Metro was designed as a coherent system – from the way the routes interact with one another to the way the signage meshes with the station architecture.  Initial concepts were for all stations to be exactly the same, and though this was soon abandoned in the face of realistic problems, all of the stations in the system nevertheless share several key design principles and materials.  The common elements are so strong that minor deviations from those principles stick out like sore thumbs.

In Minneapolis, such a rigid, systemic design approach wasn’t used.  Each station has not only a rather unique design, they all have their own personality that explicitly aims to reflect the neighborhood they serve rather than the uniformity of the system.  Such is the difference between Federal orthodoxy and Minnesota Nice, I guess. There are a few ‘boilerplate’ stations where the structures are the same, but each station still has distinct color schemes and other small details.

Moreover, each station has a plethora of intricacies for riders to discover.


All stations have several common elements – some sort of partial canopy cover, benches, wind screens, ticket machines, etc.  The details of those elements is where the variations can be found.

The ticket machines are relatively easy to use – nice and straightforward, accepting of cash and credit.  Your fare is good for 2.5 hours.  It’s a proof of payment system, so you have to grab a ticket before hopping on.


The green circle in the center is an RFID card reader for using a Go To card (Metro Transit’s version of SmarTrip) to purchase a card.  They also have separate machines that cater only to Go To card holders.  Tapping the circle without selecting anything will automatically validate you a base ticket, but there are other options available if you go through the menu (such as buying multiple tickets at once for friends, purchasing longer, round trip fares for sporting events lasting beyond the 2.5 hour time window, etc):


Once you’ve got your ticket, then you gotta wait for the train.  Currently, headways aren’t bad (but not great, either) – 7.5 minutes during rush hour and 10 minutes at most other times.  Since you’ve likely got some time to kill, you can check out some of the station’s details.

Cold?  Turn up the heat:


Pushing the red button activates a space heater overhead.  Note the detail on the railing behind the post – there are several different patterns for the various stations.  There’s also work screened onto the glass of the windscreens:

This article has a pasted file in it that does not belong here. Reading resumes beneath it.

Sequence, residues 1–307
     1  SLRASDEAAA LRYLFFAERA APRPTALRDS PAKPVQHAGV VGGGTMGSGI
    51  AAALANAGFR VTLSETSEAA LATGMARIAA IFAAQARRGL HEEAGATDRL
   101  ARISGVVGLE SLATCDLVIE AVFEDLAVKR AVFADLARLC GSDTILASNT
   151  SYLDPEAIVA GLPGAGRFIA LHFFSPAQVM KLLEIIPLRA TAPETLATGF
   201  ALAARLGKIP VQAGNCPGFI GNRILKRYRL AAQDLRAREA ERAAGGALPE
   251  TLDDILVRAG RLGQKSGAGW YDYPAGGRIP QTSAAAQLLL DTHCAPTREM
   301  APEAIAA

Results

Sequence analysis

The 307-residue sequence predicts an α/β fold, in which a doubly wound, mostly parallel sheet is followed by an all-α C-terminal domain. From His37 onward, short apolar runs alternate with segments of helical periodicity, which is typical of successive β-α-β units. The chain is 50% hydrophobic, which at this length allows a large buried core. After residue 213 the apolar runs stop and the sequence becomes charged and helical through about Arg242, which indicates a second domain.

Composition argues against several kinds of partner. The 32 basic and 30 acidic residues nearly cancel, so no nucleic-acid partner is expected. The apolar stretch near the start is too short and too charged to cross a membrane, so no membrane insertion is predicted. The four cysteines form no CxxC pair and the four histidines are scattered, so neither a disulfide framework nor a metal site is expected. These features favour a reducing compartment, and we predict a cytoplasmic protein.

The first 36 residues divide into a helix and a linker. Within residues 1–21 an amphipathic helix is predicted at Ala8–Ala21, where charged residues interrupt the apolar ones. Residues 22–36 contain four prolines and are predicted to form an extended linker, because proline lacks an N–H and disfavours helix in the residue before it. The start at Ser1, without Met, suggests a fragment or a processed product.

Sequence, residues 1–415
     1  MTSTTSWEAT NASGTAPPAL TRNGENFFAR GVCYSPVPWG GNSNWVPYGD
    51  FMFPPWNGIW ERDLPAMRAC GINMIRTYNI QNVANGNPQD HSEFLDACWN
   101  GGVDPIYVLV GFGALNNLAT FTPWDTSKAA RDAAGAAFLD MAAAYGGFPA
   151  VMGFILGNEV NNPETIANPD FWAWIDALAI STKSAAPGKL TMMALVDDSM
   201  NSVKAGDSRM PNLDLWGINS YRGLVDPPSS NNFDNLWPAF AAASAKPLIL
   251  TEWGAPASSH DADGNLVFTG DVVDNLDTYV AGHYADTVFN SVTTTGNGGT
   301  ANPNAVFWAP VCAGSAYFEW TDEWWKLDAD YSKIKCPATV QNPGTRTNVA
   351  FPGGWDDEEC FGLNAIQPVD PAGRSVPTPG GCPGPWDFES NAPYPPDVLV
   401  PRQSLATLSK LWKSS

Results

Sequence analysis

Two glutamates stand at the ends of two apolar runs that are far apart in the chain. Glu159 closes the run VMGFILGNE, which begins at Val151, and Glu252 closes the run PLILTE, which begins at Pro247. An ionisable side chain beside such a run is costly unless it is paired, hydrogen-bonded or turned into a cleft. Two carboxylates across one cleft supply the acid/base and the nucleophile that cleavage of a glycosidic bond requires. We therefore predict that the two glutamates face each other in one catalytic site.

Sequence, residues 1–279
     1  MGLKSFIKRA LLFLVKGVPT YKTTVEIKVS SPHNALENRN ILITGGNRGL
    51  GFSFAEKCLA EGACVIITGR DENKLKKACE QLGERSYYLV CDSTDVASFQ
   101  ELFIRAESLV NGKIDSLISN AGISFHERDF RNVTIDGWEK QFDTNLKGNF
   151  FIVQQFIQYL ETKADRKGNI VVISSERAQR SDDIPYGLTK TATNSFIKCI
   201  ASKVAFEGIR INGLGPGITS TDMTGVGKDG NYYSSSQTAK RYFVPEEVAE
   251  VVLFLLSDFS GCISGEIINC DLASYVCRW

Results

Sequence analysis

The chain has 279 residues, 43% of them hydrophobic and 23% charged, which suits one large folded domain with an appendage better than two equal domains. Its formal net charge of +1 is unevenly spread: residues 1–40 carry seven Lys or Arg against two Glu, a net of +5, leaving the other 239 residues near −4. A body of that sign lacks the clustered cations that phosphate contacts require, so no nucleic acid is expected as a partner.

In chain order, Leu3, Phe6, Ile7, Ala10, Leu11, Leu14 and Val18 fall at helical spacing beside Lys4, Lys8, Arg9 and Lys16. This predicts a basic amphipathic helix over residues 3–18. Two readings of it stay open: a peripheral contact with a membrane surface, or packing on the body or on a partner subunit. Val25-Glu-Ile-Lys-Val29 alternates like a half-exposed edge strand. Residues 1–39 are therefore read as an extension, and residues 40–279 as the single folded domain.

If you can’t tell (and I won’t expect anyone to at this resolution), that’s a long poem shaped in the silhouette of a tree imposed on the glass – that looks out over Hiawatha Avenue at some other nice trees in Minnehaha Park.  Minnehaha Park is the home to Minnehaha Falls, where the Minnehaha Creek cascades down toward the Mississippi River.  There’s some good fishing in the area, and the connection to wildlife at this station is emphasized with reliefs in the pavers:


You gotta love the Largemouth Bass.

If those passive details aren’t enough to hold your attention, there are other entertainment options.  At stations along the line, there are multiple boxes labeled as “Small Kindnesses, Weather Permitting.” These are a public art installation by artist Janet Zweig:

This public project is an interactive artwork for 11 stations of the Light Rail. There are three or four small kiosks at each of the stations, 35 kiosks in all. There are 11 different kiosk designs: 7 audio designs and 4 video designs, made in editions of 3 or 4 each. Designs include a windshield wiper, a doorbell, a telephone, a curtained theater, a revolving snow-globe, a pinball game, and a “thanks a million” machine. Each unit has a mechanical initiator (like a hand crank, a push button, a lever) and a digital output — either audio only or video with audio. Each unit is weather-proofed, protected behind tamper-proof glass and enclosed in a steel box attached to a station column. The LCD monitors are heated for the cold Minnesota winters.

In the winter of 2003-4, we held a competition for Minnesota filmmakers, videographers, singers, storytellers, comics, etc, to provide content for the kiosks, all on the theme of weather or courtesy (“Minnesota Nice”), the two cliches about Minnesota. The collection of 114 audios and 78 videos were made by over 100 Minnesotans, the result of an open competition and ongoing solicitation of talent through suggestions from arts professionals in Minnesota. The clips last from 30 seconds to 3 minutes. They range from the comedic to the serious, from professional to amateur. On an ongoing basis, this content is delivered to the 39 units, activated when someone on the platform discovers the unit and activates the mechanical initiator. All content goes to every kiosk, providing visitors with always varying artwork while waiting for the trains.